The exchange traded fund industry is growing at a faster pace than the mutual fund business. However, experts say the new phase of ETF growth will be dependent on sales and distribution as it becomes more difficult for funds to stand out in an increasingly crowded field.

“We’re close to a tipping point in terms of numbers,” said Todd Rosenbluth, director of ETF research at S&P Capital IQ, in a recent media report.

Mark Jewell for Associated Press reports that the ETF industry has attracted $100 billion in new cash, each year, for the past six years. Total assets under management have grown to $1.4 trillion, and there is potential for it to grow to $3.5 trillion by 2016.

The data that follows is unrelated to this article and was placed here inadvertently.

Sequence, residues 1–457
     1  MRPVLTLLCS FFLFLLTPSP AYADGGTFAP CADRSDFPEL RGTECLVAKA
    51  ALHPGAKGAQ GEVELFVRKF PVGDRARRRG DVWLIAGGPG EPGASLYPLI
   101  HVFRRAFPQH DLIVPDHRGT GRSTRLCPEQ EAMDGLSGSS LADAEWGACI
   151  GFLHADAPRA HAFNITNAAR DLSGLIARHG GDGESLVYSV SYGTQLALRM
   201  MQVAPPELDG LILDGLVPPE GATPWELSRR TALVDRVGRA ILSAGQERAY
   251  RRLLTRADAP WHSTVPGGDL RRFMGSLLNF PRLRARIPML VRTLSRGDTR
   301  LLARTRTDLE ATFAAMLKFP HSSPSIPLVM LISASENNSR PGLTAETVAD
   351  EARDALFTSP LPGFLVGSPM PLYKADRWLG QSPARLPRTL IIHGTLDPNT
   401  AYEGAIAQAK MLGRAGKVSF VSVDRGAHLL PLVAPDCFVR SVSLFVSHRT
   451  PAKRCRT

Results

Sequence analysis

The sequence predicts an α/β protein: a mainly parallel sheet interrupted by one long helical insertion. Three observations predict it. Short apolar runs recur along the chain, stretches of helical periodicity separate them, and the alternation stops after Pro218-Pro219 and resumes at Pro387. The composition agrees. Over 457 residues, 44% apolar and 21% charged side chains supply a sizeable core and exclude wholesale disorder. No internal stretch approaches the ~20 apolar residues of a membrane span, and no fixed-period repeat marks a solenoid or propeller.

Yet timing is everything for providers in the ETF business, and experts warn that new entrants into the industry will find it difficult to gain traction. In fact, new ETFs that are launched by existing providers are having a tougher time gathering assets, as products currently trading are of the highest quality at the lowest price point.

The total number of ETFs trading are set to fall this year, as there were 1,190 ETFs on the market at the end of March, four less than the end of 2012, according to Investment Company Institute research. The problem is many ETFs are not garnering enough assets to remain profitable. Last year, 81 ETFs closed, the most in one year. [Which ETFs are More at Risk to Closures?]

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